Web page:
angles to the hall range. Original disposition of windows and
internal planning destroyed during multiple C19 tenement
Courtyard (east) elevation of 2 storeys divided by a thin
string course. Central doorway with split overlight, 4 renewed
sashes with glazing bars to right, 3 to left with a second
doorway. 6 sashes with glazing bars above, irregularly placed,
the central one round-headed. Gabled roof. Details mostly mid
West elevation dominated by arcade of seven 4-centred double
chamfered arches, now blocked and pierced by doors and windows
of various C19 and C20 types. Arches carried on round piers
with moulded capitals. Northern pair of arches obscured by
later warehouse on south side of St Margaret's Lane, but
First floor north window is a 4-light cross casement of C16
origins, otherwise 4 mid C20 sashes with glazing bars, that to
south in a taller 2-storey and attic gable end with a doorway
to the ground.
The east range to Nelson Street followed c1480, probably as
shops. Brick ground floor, timber-framed first floor over deep
jetty. No.5, to south, has boarded jetty and is rendered and
colourwashed, remainder has ochre wash. No.5 with a panelled
door to left under 5-vaned fanlight, one early C19 sash to
left and one above with glazing bars.
To left of entrance passage are 2 sashes squeezed into a
2-light roll-moulded timber mullioned window, the mullion and
jambs on moulded bases. This window originally served a shop
and is the only survivor in any Ouse-bank site. To right are 2
further sashes with glazing bars separated by another
subsidiary inserted doorway.
Entrance passage into courtyard has a square roll-moulded
timber surround carrying a segmental arch in the spandrels of
which are the carved arms of the Amfles family, Richard Amfles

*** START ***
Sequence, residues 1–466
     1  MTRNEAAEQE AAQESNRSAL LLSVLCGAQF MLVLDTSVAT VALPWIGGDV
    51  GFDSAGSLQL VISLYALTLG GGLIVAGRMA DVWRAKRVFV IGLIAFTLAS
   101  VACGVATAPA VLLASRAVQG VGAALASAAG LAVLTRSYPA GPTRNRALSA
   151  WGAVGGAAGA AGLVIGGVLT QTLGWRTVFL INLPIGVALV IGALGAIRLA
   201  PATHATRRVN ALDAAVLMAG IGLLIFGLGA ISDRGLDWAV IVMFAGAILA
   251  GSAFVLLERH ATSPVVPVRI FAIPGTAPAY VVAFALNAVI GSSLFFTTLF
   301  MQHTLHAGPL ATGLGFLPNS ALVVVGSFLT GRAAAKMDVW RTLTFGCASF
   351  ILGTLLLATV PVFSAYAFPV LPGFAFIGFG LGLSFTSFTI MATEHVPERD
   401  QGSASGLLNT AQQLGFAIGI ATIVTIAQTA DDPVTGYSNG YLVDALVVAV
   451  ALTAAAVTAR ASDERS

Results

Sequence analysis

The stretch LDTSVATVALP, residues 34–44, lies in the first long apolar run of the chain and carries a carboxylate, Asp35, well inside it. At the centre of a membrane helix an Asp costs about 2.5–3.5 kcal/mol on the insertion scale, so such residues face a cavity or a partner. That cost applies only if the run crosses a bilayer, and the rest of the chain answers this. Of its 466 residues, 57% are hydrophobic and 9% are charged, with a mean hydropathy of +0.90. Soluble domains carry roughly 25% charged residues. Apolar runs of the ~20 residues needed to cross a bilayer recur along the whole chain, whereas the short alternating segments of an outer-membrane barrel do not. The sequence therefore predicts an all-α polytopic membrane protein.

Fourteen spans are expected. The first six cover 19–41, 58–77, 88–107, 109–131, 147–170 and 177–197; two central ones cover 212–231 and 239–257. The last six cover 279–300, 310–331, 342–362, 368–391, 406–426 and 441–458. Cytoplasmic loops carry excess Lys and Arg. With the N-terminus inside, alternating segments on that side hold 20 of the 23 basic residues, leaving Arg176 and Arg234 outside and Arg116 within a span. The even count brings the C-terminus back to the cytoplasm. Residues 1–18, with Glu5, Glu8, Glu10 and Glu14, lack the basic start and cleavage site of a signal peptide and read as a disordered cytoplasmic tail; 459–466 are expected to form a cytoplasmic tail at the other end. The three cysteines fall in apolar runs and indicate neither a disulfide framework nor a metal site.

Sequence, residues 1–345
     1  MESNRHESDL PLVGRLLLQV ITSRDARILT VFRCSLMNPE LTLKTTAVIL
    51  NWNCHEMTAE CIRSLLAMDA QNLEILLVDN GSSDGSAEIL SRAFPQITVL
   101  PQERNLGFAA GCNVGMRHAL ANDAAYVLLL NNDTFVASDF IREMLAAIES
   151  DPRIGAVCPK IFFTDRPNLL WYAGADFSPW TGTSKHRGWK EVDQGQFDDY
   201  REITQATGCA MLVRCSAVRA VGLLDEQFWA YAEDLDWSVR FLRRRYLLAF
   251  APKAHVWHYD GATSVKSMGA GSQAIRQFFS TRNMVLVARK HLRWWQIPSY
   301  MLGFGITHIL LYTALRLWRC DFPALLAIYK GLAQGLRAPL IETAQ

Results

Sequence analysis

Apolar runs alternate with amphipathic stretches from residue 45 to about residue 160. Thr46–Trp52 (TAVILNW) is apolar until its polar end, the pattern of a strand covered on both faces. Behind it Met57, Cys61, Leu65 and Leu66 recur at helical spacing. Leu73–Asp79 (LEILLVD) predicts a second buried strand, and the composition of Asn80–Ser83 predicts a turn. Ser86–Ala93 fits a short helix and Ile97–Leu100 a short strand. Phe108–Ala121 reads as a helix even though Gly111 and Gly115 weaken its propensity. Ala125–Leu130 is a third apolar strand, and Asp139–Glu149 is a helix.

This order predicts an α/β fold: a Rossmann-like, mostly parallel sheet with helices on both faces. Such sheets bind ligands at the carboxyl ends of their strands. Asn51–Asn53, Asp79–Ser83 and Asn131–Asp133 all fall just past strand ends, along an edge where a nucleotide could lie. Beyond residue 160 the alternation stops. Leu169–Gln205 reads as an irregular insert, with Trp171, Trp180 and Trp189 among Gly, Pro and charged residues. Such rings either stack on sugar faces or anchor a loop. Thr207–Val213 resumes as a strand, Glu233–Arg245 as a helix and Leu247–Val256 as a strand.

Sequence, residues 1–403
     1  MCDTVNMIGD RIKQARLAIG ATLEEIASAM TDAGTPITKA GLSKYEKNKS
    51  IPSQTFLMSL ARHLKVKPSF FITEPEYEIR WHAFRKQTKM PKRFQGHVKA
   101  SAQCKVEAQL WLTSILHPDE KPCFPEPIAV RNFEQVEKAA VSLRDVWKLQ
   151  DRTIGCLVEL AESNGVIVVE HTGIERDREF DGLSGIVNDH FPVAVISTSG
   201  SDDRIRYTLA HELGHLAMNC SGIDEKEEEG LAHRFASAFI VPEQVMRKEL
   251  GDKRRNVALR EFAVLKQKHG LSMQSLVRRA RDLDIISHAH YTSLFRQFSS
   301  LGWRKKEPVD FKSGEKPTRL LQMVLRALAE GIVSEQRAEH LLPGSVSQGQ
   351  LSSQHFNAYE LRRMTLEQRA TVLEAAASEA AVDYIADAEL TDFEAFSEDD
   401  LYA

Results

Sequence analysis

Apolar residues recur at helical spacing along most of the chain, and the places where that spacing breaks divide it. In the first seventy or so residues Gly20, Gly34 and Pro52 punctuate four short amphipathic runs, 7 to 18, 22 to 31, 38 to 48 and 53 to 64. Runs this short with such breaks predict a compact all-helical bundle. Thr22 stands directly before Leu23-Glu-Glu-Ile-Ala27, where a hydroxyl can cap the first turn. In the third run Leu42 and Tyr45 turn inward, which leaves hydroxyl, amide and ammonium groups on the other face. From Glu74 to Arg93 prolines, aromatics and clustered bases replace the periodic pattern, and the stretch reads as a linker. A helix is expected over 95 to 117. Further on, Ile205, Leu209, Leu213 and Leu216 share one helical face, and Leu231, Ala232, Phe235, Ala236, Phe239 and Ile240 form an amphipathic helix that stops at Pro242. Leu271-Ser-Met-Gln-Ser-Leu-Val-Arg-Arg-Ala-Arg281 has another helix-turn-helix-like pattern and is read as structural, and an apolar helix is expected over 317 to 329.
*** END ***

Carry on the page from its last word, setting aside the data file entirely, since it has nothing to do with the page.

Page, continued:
taking possession from William Amfles in 1482. First floor
with brick nogging, the jetty supported on knuckle braces at
intervals. 2 sashes with glazing bars to right and 3 mullioned
casements to left, of 5, 2 and 3 lights.
Gabled roof with 3 hipped dormers with casements. The
cruciform ridge stack left of centre was rectangular before
restoration. North gable has a kneeler on brick corbel and
some tumbling in the gable-head. 3 renewed windows to this
gable. Entrance passage has hollow-chamfer and roll-moulded
joists with tongue stops on heavy bridging beams, that to the
courtyard multiple roll-moulded. Courtyard elevation with 2
ground floor doors into front houses and 2 or 3-light renewed
cross casements. North range to St Margaret's Lane c1600.
Of previous buildings, if any, nothing is known. Brick. 2
storeys with dormer attic 3 doorways under sloping hoods date
from restoration. Fenestration predominantly of 3-light cross
casements with leaded glazing, restored, partly renewed but
substantially C17. Those towards west end have
hollow-chamfered mullions. Gabled roof with one gabled dormer
North elevation to street is long and undisciplined. 3 garage
doors to ground floor. Large partly external stack of early
C17 has a set-off above eaves line. To left of it at first
floor is one contemporary 3-light cross casement, to the right
a similar 2-light window. Remainder of fenestration rather
mixed; mostly sashes. 2 gabled dormers.
(King's Lynn Archaeological Survey: Parker V: The Making of
King's Lynn: London: 1971-; The Buildings of England: Pevsner
N: North-west and South Norfolk: Harmondsworth: 1962-: 256;
Norfolk Archaeological Unit Index: 12009).